You have to give credit to Jeff Glickman, his feature film directorial debut is an ambitious movie that never takes an easy approach. This makes Glickman’s Killing Zelda Sparks an interesting film if for no other reason than it has a strong visual sense and a certain audacity that can’t be denied. At the same time, the film is far from perfect, and the innovative and creative choices that set Killing Zelda Sparks apart from other films also serve as stumbling blocks that trip the movie up from time to time.

Vincent Kartheiser and Geoffrey Arend star as Craig Blackshear and Terry Seville, two old friends with a lot of history between them. As the film starts out, it seems as if Craig and Terry have done something terribly wrong. Exactly what they’ve done is not explained right away, instead, the film jumps backwards ten years, to when the two are still in high school. We see that Terry is the consummate nerd, as he’s about to get beat down by a school bully, only to have Craig step in and pulverize the bully for sleeping with his girlfriend. From there, the film jumps around through time as it works to define both Craig and Terry, and their friendship. Years after high school, Craig is pretty much a directionless loser, who still has a hot temper, and has not moved past dating high school girls. Terry has an unfulfilling jump at the local community newspaper, is in a relationship that seems devoid of passion, and when push comes to shove, his life is about as pathetic as his friend’s.

Craig’s life seems to be spiraling out of control when he loses his job, and his relationship with high school senior Ellen (Krystin Pellerin) is on the rocks. Things take a turn for the worse when Zelda Sparks (Sarah Carter) strolls back into his life. With a heart of stone, ice water coursing through her veins, and a body to kill for, Zelda is a girl who chewed Craig up and spit him out—multiple times—in high school. And with Zelda back in town, it seems like his life can’t get any worse. That’s when Terry hatches a plan to get revenge on Zelda by humiliating her in the town newspaper, which seems to backfire when she is apparently murdered, leaving the two life-long friends as the prime suspects.

Killing Zelda Sparks moves back and forth through time, and employs various narrative tricks to create a surreal, often dream-like story that could have just as easily been told in a more straightforward, linear story. Instead, director Glickman seems to be going out of his way to craft a film that defies many of the conventions of similar darkly comedic, neo-noir thrillers. At times, the movie feels like it wants to be a Coen Brothers film, but is uncertain of how to get there, and instead stumbles along on its way.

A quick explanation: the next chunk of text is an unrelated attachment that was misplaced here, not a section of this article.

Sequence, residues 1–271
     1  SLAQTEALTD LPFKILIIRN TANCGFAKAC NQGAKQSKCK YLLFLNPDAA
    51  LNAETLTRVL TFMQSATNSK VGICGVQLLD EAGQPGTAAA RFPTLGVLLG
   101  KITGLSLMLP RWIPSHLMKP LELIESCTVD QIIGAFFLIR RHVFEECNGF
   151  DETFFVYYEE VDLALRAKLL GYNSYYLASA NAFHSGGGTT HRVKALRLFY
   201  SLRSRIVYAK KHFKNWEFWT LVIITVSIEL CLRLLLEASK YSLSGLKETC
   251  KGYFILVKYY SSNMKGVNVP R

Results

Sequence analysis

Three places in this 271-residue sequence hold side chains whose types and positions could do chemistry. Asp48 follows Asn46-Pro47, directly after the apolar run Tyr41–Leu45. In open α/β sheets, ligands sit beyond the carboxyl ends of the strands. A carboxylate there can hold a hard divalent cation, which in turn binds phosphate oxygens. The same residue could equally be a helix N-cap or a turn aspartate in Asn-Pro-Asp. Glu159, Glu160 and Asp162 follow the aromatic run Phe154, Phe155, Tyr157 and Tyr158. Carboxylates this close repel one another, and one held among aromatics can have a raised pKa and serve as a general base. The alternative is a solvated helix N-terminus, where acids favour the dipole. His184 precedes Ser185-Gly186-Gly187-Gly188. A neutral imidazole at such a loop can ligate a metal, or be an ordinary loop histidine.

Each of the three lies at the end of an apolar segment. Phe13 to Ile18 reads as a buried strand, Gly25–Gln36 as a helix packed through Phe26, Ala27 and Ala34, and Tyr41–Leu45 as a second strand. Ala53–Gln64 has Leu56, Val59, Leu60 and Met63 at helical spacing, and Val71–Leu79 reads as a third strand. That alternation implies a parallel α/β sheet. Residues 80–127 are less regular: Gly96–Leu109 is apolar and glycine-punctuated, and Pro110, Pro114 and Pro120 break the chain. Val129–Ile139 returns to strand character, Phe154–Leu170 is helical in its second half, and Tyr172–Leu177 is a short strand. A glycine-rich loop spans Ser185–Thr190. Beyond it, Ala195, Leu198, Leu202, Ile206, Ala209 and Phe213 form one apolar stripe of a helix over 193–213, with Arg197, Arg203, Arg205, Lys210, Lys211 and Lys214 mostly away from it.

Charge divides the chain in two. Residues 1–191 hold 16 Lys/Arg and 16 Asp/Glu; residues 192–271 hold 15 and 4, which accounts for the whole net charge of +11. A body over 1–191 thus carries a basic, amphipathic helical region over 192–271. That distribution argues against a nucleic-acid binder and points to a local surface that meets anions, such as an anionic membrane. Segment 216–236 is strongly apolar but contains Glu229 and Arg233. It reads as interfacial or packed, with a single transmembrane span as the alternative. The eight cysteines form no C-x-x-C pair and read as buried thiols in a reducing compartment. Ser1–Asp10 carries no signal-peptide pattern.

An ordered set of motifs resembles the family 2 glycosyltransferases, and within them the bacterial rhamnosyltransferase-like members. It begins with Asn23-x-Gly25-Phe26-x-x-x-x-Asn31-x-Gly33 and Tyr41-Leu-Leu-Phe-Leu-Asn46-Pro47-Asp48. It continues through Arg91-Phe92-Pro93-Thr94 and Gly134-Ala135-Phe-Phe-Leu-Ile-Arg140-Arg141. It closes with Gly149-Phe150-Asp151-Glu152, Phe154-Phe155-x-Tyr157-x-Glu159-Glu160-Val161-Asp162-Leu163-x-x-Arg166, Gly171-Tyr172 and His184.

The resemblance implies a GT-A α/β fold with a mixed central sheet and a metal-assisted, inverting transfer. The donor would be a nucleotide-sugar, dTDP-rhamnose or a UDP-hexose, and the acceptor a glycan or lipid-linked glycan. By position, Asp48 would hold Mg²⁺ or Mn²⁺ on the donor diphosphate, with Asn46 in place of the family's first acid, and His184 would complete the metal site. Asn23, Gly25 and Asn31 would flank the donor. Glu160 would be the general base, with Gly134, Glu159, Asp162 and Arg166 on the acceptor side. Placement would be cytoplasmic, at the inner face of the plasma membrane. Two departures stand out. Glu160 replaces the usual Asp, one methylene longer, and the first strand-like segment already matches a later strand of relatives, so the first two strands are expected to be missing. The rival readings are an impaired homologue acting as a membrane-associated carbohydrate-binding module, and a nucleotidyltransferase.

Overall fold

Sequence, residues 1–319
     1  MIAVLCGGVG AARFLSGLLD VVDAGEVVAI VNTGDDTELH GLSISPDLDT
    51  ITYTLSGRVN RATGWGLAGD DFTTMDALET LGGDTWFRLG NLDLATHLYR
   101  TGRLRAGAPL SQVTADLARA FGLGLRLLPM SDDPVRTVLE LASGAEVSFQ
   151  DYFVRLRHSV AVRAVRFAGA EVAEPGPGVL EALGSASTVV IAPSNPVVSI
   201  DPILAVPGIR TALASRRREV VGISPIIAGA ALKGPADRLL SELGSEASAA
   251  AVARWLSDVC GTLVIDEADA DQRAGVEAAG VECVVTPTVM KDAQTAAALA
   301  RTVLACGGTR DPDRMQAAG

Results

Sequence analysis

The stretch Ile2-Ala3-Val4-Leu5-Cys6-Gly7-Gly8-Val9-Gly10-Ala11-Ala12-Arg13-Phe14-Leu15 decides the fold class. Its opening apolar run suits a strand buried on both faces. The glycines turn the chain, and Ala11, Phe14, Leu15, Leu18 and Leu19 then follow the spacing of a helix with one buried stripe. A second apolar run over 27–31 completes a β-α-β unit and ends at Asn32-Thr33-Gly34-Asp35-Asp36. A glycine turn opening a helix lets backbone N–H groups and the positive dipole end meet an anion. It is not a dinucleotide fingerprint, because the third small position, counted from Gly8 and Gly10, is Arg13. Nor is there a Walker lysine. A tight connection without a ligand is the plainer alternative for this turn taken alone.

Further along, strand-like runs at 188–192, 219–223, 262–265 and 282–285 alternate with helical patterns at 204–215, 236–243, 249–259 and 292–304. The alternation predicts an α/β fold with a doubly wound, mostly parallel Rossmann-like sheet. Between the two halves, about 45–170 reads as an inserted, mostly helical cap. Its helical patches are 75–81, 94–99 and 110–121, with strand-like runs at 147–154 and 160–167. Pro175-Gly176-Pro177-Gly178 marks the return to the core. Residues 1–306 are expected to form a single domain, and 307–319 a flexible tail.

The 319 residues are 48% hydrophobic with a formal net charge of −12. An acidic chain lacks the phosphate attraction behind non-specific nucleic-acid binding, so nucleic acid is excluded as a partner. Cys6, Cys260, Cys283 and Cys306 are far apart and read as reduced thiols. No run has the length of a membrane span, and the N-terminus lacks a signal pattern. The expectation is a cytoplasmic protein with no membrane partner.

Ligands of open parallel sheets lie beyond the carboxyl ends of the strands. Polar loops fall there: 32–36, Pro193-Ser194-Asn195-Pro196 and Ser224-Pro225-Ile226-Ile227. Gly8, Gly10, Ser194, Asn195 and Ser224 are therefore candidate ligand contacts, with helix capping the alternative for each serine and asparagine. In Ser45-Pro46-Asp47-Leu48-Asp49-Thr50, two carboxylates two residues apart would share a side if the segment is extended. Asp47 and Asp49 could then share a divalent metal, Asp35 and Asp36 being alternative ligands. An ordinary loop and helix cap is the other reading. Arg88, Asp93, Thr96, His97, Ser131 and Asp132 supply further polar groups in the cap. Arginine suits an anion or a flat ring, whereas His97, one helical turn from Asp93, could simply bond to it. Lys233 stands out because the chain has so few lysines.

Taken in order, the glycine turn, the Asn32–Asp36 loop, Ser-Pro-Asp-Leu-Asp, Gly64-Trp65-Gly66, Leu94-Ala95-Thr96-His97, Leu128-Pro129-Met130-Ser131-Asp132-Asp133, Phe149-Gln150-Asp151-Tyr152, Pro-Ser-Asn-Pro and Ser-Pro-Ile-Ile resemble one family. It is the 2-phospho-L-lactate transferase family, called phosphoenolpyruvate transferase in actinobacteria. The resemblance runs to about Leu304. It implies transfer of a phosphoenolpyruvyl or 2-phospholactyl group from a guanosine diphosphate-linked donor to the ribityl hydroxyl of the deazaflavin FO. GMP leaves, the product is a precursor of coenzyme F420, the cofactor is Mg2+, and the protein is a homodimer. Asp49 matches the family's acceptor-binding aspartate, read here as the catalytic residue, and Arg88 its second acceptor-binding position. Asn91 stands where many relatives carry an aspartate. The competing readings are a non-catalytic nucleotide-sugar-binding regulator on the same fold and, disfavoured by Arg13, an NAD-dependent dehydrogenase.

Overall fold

This is not to say that Killing Zelda Sparks is a bad film, because it has good moments, and it certainly does not play it safe. But the film’s good moments are not held together with the strongest of connective tissue, and at approximately 95-minutes, the film feels both too long, and as if it could use more time to flesh things out. A ton of time is spent between Craig and Terry, but ultimately we never get any real sense of why these guys were ever friends, or why they’ve remained friends. Likewise, none of the other relationships are explored that deeply—at least not deeply enough to get any sense that there is actually history between any of these people.

By the time Killing Zelda Sparks gets around to the heart of the story, the film has lost much of its steam. When Terry plants a fake story in the paper about the murder of Zelda, things start to fall apart. First of all, how is a story about her death supposed to humiliate her? That little twist makes practically no sense whatsoever, and comes across as a contrived plot hook to propel the story further, which it does—clumsily though it may be—when Zelda is apparently killed. When this finally happens, well into the third act, the film takes on a twist or two that is supported flimsily at best by the story thus far. As the film comes closer to the end, sticking it out to watch the conclusion is more out of the obligation of having watched it up to this point, and not any sense of real curiosity.
Killing Zelda Sparks is not a bad film, just a good film that tries to hard to be quirky and innovative, which comes at the expense of the story and the characters. The film is entertaining and engaging enough to capture your interest, but it has a tough time maintaining it.



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